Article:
UK

Minister tells of own experience of A&Es treating ‘so many’ elderly patients

Social Care minister Helen Whately spoke at the NHS Confederation conference (Jonathan Brady/PA)
Social Care minister Helen Whately spoke at the NHS Confederation conference (Jonathan Brady/PA) Social Care minister Helen Whately spoke at the NHS Confederation conference (Jonathan Brady/PA)

Emergency departments are dealing with “so many” elderly patients who are not in the right place for the care they need, a Government minister said as she drew on her own experience being in hospitals with a broken ankle and sick relatives.

Health and social care minster Helen Whately indicated what she witnessed left her further motivated to help people “avoid these ins and outs of hospitals”.

The politician hobbled on crutches to give a speech at the NHS Confederation’s Health Beyond the Hospital conference in London on Wednesday, having suffered a broken ankle in a “nasty road accident” earlier this month.

She praised the South East Coast Ambulance for its care in getting her to the emergency department of William Harvey hospital in Kent, but said she had gained further insight into the situation on the healthcare front line.

In a question and answer session following a speech, she said: “I had my own very recent experiences, particularly of the emergency care pathway. I’ve also got several family members with various health problems at the moment so I’ve been spending quite a lot of time on a personal basis in hospitals and in the health system at the moment.”

Acknowledging that “of course you draw on your own experiences”, she added: “I think one of the things that I’ve seen through all of that is how hard it is for emergency departments with so many in fact frail, elderly patients who it’s not necessarily the right place for them to be.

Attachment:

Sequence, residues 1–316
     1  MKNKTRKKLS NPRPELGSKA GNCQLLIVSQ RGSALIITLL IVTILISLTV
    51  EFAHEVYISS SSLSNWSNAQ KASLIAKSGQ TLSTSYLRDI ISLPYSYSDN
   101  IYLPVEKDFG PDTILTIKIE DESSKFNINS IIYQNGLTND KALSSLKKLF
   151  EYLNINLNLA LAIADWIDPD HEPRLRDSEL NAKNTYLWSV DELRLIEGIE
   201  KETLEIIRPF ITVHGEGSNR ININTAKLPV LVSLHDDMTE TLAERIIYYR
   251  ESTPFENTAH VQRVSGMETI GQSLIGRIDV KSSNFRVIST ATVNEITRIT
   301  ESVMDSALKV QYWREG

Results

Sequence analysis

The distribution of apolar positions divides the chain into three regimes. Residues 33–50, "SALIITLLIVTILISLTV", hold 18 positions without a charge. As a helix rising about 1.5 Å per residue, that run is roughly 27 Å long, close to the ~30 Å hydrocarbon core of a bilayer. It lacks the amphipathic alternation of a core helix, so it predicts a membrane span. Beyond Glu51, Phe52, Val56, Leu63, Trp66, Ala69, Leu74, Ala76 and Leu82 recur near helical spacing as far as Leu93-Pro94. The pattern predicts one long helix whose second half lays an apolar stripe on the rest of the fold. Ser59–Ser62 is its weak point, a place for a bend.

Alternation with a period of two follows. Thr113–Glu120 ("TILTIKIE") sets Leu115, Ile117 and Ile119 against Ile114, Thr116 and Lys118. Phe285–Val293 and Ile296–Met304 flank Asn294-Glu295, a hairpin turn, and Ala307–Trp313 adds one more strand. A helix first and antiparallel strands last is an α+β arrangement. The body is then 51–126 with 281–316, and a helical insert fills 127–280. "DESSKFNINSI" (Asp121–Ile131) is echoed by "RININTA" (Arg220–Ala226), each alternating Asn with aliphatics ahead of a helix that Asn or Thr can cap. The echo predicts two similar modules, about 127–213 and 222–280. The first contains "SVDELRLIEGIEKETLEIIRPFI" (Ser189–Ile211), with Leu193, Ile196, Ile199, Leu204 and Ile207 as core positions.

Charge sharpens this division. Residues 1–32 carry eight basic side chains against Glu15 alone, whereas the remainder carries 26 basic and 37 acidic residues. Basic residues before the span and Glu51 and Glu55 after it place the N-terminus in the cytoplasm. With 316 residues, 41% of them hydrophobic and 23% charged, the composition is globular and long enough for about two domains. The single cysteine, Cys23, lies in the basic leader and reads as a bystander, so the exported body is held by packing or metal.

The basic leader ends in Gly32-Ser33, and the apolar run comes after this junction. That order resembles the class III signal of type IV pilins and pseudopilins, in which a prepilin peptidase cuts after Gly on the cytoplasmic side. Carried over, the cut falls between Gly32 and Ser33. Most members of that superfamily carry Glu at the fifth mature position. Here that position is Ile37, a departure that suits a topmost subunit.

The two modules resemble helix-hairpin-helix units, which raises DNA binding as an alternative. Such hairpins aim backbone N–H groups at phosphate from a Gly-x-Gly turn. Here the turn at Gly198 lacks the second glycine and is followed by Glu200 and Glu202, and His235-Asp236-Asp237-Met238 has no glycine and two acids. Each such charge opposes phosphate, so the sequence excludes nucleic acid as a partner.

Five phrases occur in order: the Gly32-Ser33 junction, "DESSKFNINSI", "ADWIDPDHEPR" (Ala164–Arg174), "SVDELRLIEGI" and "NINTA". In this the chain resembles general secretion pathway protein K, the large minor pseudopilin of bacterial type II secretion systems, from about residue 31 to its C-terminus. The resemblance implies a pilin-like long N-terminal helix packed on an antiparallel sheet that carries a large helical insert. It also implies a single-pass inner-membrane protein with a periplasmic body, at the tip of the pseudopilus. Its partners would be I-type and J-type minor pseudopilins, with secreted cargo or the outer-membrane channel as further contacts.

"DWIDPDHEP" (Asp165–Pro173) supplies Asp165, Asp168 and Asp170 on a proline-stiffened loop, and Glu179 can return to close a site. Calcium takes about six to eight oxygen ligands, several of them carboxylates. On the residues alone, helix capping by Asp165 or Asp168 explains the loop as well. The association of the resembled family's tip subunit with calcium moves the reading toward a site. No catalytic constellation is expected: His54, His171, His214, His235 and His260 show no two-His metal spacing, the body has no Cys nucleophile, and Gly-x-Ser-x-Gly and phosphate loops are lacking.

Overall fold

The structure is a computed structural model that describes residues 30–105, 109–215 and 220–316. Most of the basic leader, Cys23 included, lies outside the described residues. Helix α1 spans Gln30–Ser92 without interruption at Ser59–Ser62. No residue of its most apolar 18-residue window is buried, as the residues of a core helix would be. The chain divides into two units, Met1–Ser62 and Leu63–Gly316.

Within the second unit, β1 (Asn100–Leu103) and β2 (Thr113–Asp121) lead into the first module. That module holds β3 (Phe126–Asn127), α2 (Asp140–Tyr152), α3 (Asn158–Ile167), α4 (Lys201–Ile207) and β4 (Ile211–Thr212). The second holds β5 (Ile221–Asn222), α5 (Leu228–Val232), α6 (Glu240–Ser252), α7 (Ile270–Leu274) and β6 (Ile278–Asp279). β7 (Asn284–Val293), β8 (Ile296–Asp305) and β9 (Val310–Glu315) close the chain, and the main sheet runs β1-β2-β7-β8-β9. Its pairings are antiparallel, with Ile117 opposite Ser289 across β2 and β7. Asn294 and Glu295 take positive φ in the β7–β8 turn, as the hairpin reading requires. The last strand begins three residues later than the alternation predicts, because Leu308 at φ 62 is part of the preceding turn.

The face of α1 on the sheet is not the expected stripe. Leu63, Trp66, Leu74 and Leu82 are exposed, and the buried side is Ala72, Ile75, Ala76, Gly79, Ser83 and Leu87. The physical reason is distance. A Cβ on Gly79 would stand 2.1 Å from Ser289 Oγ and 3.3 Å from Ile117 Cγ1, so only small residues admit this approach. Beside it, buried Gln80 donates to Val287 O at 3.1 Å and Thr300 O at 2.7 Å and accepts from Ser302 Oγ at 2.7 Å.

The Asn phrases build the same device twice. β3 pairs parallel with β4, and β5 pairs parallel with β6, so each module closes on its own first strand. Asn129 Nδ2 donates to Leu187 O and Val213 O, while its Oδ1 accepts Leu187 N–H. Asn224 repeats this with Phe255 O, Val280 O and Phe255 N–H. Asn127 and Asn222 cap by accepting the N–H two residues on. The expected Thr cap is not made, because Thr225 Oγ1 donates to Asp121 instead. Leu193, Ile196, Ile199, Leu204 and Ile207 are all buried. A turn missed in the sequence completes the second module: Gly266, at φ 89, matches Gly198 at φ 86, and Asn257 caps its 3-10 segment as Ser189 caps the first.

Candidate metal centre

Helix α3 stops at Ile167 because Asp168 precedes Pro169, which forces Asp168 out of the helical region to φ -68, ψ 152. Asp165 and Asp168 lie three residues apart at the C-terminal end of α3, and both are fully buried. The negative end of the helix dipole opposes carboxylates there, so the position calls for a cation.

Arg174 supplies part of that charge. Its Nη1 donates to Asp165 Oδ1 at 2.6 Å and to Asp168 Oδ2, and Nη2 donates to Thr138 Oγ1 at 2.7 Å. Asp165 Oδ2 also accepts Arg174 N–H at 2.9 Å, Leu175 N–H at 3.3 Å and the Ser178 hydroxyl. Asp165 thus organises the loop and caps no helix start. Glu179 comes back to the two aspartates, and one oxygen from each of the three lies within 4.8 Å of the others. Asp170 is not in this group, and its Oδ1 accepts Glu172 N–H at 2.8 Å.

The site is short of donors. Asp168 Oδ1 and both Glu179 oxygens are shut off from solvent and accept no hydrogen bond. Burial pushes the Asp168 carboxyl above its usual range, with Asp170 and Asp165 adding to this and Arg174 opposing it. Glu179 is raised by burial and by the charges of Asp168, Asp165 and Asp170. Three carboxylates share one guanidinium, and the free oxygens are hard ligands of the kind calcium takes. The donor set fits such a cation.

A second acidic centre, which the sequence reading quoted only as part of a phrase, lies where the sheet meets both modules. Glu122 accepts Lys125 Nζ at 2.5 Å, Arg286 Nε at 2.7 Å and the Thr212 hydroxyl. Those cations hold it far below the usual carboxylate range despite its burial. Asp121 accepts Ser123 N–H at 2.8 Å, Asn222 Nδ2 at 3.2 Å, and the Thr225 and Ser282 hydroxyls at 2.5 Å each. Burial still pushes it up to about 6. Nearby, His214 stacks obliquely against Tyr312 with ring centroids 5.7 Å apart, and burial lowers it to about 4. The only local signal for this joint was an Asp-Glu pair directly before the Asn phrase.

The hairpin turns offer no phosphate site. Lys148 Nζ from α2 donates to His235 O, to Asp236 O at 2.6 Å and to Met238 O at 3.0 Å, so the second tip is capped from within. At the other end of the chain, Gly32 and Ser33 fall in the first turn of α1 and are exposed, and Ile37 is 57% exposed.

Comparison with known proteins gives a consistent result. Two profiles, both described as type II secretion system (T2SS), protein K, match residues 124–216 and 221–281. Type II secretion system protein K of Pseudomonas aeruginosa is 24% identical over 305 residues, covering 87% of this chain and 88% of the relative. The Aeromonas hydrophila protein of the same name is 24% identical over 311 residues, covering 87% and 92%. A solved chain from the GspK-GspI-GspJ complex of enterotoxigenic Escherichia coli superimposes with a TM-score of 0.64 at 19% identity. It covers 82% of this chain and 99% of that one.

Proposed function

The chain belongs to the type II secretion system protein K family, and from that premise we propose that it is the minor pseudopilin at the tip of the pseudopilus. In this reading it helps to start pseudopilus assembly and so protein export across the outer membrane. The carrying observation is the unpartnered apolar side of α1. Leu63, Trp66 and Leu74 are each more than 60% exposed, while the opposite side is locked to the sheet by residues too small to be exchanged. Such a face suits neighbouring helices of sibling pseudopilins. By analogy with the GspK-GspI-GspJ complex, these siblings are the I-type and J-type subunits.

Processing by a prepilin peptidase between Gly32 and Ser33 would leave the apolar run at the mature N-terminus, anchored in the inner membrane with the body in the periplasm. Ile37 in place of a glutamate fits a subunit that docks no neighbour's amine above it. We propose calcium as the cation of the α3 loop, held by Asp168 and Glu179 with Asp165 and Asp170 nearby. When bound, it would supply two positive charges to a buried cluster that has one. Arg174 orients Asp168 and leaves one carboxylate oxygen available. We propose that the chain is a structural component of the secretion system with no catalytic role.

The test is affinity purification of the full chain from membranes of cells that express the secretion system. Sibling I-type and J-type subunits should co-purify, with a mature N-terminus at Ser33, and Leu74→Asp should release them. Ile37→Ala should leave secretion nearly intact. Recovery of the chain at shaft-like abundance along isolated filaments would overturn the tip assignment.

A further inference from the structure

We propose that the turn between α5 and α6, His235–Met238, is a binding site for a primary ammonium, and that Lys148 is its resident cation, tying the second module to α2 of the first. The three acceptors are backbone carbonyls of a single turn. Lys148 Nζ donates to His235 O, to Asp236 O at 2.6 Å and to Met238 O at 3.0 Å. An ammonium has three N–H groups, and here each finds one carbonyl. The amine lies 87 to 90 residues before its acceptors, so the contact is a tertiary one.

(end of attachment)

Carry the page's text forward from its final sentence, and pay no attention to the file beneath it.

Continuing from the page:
“And I’ve spent hours, whether it was for my mum in an emergency department, looking round and knowing it’s so hard for so many of those people there who it’s so often not the best place to be.

“So for me I think that does really help motivate me on the importance of us trying to get the care right, and try and help people avoid these ins and outs of hospitals.”

She said the UK healthcare system “has developed very much around the acute hospital” and while they do “fantastic things”, it would be a “cultural change” to switch budget and resources more to out-of-hospital care.

“There’s quite a cultural shift that we need to do,” she said, adding that good data is needed to back up any diversion of spending from acute to community care.

In her earlier speech, she maintained she has always been a voice for parts of the system beyond hospital care.

She said: “People often talk to me about the NHS as if it’s the national hospital service, not the national health service, and when the chips are down, the focus tends to be on hospitals and what’s going on in them. I don’t let that happen on my watch. I am always the one who says ‘hold on, what about the rest of the system?’”

The minister’s comments came as independent research commissioned by the NHS Confederation suggested spending on community care could lead to a drop in accident and emergency footfall and ambulance callouts.

The research stated that for every £100 spent in the NHS community care sector, there is a £131 return on investment in acute sector savings – money that would have been spent providing care to patients in hospitals and across acute services.

The confederation, the membership organisation representing the healthcare system in England, Wales and Northern Ireland, said these savings would be as a result of reduced hospital admissions and fewer people being taken to hospital in an ambulance.

Matthew Taylor, chief executive of the NHS Confederation said: “This analysis shows what we have long suspected – that investing in community services not only helps to reduce hospital admissions and demand on ambulances, but that it also saves the NHS money.

“Successive governments have long held the ambition to shift more care out of hospitals and into the community, but this has never fully materialised. With NHS budgets under huge strain, this analysis shows why it is so important to finally deliver on this long-held ambition. It’s not only better for patients to be treated in or closer to their homes, but it’s also better for the taxpayer.”

He recognised that such a transition in spending “can’t happen overnight”, but added that “to place the NHS on a more sustainable footing over the long-term, then this is exactly the type of shift in resources that we need to deliver”.